Barry Green Trio – Almost There
(Moletone005. CD review by Mike Collins)
It all started with a late night email Barry Green explained in a recent interview with LondonJazz News. Returning from a gig, the London based pianist banged off an email to Tom Rainey whom he knew and Drew Gress whom he didn’t, asking them if they wanted to record a trio album with him. By return came two positive replies and the die was cast. A recording session followed in Brooklyn’s legendary System Two recording studio and the results are released now as Almost There to coincide with a national tour by the trio.
In Gress and Rainey, Green chose not only one of New York’s finest rhythm sections but two collaborators who had the musical resources and flexibility to do his eclectic material justice.
There’s a smattering of standards all taking distinctive paths. Bouncing with Bud only reveals itself though the theme at the end, having been thoroughly explored by Gress and Green; Lulu’s Back in Town breezes along, the theme coming and going between bouts of rhythmic jousting and jagged lines from Green; Monk’s Work reels between group improv, sleazy swing and helter skelter, wonky bop. In between there’s a luminous take on Paul Simon’s Train in the Distance the insistent sizzle and colouring from Rainey’s drums somehow evoking the hiss of wheels on rails whilst Gress and Green combine to make the melody sing and sigh. You’ll Never Walk Alone gets a breathless remake without sacrificing any of its emotional force. McCartney’s Her Majesty becomes a frenetic, clattering, free wheeling group conversation, with the melody, distorting and bending to provide a connecting thread. Green’s own originals are equally varied. My Spy is a mosaic like confection of rhythm and stabbing, scrunchy chords. Signals is glittering fragments of riffs and melodic motifs pieced together, the opening title track a sequence of dramatic episodes that gives way to an exuberant, pulsating solo from Green.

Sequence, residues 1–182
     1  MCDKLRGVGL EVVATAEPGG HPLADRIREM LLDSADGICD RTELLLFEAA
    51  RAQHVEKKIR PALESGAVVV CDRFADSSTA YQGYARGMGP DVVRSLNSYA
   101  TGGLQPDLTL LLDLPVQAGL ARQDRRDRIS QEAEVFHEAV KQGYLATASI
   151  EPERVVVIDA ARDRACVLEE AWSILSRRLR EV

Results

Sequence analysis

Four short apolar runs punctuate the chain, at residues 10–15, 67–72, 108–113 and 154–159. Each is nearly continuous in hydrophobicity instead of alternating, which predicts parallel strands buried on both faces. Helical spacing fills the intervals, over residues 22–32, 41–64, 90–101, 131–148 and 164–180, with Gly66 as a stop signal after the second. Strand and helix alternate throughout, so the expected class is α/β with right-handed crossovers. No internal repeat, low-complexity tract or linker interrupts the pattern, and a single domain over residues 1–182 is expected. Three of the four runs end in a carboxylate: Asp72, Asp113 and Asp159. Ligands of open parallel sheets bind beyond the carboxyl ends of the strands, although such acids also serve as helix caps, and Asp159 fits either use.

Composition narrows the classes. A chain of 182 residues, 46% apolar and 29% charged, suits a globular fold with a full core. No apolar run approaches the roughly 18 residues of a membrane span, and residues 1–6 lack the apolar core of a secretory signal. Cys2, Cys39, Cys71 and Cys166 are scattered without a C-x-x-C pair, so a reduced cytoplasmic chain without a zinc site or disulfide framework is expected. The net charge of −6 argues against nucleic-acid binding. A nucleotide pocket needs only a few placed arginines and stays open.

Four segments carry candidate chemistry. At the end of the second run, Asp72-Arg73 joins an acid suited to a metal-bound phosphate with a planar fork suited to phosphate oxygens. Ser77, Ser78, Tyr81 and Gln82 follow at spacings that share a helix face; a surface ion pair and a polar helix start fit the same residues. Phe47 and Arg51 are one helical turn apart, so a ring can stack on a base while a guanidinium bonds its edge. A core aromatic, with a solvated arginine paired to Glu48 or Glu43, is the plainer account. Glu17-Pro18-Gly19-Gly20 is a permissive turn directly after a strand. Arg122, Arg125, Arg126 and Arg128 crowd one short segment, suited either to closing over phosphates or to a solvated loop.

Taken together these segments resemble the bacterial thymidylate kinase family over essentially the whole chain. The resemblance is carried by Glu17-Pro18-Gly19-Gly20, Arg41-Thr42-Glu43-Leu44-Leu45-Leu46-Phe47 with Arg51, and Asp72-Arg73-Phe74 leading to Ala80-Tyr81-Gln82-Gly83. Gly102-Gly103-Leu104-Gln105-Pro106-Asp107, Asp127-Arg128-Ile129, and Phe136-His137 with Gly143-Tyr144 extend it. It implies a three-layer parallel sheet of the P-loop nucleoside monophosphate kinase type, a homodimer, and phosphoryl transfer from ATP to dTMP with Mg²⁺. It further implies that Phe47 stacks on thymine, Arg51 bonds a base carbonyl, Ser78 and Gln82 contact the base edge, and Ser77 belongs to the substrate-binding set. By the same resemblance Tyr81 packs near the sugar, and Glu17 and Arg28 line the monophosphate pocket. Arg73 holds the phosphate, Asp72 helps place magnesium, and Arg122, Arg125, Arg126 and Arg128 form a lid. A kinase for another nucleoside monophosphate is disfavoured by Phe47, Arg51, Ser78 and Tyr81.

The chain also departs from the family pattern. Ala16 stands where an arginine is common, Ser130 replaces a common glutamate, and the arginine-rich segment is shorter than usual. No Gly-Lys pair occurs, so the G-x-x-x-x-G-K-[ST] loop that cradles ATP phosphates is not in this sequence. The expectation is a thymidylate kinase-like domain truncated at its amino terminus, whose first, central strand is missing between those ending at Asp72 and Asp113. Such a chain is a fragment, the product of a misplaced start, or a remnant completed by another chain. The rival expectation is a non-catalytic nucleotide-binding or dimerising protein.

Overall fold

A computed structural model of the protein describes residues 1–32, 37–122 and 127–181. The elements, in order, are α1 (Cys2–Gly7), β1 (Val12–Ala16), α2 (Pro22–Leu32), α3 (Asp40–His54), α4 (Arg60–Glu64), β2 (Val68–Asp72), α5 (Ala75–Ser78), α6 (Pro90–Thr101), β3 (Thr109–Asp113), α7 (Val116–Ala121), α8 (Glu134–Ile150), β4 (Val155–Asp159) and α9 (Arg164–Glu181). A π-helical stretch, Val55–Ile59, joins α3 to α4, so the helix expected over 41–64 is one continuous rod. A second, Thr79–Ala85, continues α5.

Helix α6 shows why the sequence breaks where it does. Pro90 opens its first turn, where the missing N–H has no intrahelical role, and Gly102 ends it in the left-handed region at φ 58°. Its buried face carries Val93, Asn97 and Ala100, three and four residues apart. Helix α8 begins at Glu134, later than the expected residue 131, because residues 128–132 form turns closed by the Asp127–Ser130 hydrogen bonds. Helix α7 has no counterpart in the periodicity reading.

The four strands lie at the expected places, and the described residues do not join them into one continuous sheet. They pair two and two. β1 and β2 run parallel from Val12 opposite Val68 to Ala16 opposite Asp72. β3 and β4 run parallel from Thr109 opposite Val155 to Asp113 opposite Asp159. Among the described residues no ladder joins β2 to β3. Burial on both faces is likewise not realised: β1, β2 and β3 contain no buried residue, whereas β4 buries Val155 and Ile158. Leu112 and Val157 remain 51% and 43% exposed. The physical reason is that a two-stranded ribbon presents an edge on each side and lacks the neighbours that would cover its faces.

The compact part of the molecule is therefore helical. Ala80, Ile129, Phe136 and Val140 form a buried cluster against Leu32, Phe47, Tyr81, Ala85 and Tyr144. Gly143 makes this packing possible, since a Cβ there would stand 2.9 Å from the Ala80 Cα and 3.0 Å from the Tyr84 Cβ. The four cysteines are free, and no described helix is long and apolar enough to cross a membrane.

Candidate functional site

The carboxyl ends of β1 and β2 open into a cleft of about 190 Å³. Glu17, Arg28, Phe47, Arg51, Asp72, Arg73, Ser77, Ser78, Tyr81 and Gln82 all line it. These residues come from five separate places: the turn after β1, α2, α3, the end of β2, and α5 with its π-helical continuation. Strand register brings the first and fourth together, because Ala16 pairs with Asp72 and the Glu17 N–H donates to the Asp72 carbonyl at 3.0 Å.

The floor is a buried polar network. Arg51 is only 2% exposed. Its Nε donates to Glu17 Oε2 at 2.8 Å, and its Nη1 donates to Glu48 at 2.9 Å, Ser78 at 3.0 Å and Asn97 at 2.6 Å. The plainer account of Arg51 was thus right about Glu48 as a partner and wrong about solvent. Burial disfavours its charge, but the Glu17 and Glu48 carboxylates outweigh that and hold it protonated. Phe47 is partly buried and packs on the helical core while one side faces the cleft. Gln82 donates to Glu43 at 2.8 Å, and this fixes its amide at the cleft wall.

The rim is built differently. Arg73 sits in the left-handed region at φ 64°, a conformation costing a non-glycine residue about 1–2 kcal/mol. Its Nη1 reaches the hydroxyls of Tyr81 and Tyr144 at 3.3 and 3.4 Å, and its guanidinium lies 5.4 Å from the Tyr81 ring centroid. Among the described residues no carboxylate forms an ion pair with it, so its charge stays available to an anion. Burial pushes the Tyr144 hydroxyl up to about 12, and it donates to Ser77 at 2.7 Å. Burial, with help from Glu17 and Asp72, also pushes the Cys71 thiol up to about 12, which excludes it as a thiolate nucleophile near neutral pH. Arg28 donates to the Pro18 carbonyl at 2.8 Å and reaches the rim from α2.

This is an album full of twists with the leader ranging from the angular and divergent to the rhapsodic and lyrical. Gress is by turns a propulsive and spacious presence and then riveting soloist. Rainey is restlessly inventive. On this showing Green is a distinctive and creative leader, the trio one we should see more of.